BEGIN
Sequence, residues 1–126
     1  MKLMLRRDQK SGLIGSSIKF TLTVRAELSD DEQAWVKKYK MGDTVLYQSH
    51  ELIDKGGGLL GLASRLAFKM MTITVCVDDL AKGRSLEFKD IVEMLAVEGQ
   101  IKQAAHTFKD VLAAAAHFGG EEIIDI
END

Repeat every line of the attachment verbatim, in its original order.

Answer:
Sequence, residues 1–126
     1  MKLMLRRDQK SGLIGSSIKF TLTVRAELSD DEQAWVKKYK MGDTVLYQSH
    51  ELIDKGGGLL GLASRLAFKM MTITVCVDDL AKGRSLEFKD IVEMLAVEGQ
   101  IKQAAHTFKD VLAAAAHFGG EEIIDI